While the woman’s skull has offered the oldest recovered evidence of the specific procedures identified, it is not the first skull that revealed the use of trepanation as a medical treatment.

The very earliest evidence of trepanation on human skulls comes from the Mesolithic period, which in Europe covered the years between 13,000 and 3,000 BC. The legendary ancient Greek physician Hippocrates, who inspired the Hippocratic oath that made doctors promise to do no harm to their patients, was using trepanation in the fifth century BC, while also teaching the technique to his medical students.

As for the use of the techniques identified during this new study, scraping of the skull for trepanation was first referenced by the first-century Roman scholar Celsus. One of history’s greatest medical chroniclers, Celsus took it upon himself to collect and publish a massive encyclopedia identifying all known medical procedures in the world at the time he lived (only a portion of his encyclopedia has been recovered, including the part that references trepanation).

During Byzantine times, the practice was written about by the seventh-century Greek Byzantine physician Paul of Aegina. Notably, Paul was the first to mention cross-shaped skull shaping as a trepanation technique, which shows that the procedure almost certainly would have been in use just a century or so earlier, when the woman buried at the Longobard Necropolis in Castel Trosino might have lived.

Amazingly, trepanation is still in use today, although not as a form of therapy. Now known by the more scientific-sounding name of ‘craniotomy,’ this method is used as a diagnostic or information-gathering tool, in cases where someone is suffering from conditions like brain lesions or a brain tumor and doctors are uncertain how to proceed.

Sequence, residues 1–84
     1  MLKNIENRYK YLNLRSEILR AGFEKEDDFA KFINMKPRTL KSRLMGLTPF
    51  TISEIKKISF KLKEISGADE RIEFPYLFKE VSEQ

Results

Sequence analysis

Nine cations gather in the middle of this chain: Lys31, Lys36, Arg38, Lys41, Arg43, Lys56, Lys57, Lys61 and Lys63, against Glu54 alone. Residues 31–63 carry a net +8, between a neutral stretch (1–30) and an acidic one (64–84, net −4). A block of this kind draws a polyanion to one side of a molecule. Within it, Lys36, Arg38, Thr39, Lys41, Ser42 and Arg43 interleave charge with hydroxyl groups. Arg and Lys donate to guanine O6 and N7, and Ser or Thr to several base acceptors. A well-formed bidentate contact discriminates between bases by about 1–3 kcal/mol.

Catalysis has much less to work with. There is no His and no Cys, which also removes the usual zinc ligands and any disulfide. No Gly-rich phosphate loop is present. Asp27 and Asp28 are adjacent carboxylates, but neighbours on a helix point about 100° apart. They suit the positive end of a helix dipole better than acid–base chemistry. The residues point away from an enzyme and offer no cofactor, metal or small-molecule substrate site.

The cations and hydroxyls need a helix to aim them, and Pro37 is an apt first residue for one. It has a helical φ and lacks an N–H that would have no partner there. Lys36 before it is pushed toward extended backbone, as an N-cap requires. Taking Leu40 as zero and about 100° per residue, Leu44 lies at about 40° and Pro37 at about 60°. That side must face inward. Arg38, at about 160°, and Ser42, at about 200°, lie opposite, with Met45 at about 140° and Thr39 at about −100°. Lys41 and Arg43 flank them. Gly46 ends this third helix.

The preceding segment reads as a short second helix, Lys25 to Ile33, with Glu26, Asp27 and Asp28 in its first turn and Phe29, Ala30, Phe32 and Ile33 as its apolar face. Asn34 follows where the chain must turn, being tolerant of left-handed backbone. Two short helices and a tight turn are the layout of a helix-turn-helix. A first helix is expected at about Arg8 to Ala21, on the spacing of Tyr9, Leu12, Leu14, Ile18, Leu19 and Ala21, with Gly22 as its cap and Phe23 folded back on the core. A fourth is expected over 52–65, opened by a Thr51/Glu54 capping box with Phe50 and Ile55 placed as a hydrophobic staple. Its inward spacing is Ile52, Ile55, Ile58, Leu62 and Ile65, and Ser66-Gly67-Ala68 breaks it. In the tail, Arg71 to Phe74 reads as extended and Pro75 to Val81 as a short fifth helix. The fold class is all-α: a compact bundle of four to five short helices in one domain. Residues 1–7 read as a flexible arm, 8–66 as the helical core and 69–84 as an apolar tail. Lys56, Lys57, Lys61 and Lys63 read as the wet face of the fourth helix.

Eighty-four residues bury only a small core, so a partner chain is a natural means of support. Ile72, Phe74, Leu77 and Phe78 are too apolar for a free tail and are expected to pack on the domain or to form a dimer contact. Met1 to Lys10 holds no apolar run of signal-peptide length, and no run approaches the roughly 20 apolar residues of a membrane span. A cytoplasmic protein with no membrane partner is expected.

Lucky Longobard Elites Had Access to the Top Medical Treatments

The Longobards were a Germanic tribe of Lombard people who first attacked but then later allied with the leaders of the Byzantine Empire. The Longobards began settling in central Italy around Castel Trosino in the sixth century, likely at the behest of the Byzantine rulers, who sought to occupy central Italy and make peace with the inhabitants to secure the outer flanks of their empire.

Once they’d built a fully-functioning community, the Longobard elites who’d led the migration to central Italy established the Kingdom of the Lombards, which ruled the area from 568 to 774. The Longobard Necropolis at Castel Trosino was reserved for the aristocrats of this ruling culture, as was revealed by the rich and impressive collections of grave goods found in their tombs.

In the tomb of the middle-aged woman, who was estimated to be about 50 years old at the time of her death, archaeologists discovered some expensive and finely-crafted items, including gold filaments and a bronze brooch and comb. She shared a tomb with a man, who presumably would have been her spouse.

As one of the apparent perks of her wealth and position, it seems the woman had access to what at the time would have been considered the finest in medical care.

"The last surgical intervention seems to have taken place shortly before her death,” study coordinater Giorgio Manzi confirmed in an interview with the Ansa Agency. “There are no injuries that could suggest the presence of trauma, tumors, congenital diseases or other pathologies. It is intriguing to consider the possibility of a ritual or judicial reason for these operations, but at the moment we have no evidence to support these hypotheses."

Given how trepanation was used in ancient and medieval times, the most likely answer is that the woman did indeed suffer from a frightening condition of the head or brain, and the best doctors at the time used the only treatment method they knew to address her issues.

Top image: Skull of a medieval woman showing evidence of brain surgery. Source: Divulgação/Universidade Sapienza

By Nathan Falde

Nathan Falde's picture


Nathan Falde graduated from American Public University in 2010 with a Bachelors Degree in History, and has a long-standing fascination with ancient history, historical mysteries, mythology, astronomy and esoteric topics of all types. He is a full-time freelance writer from... Read More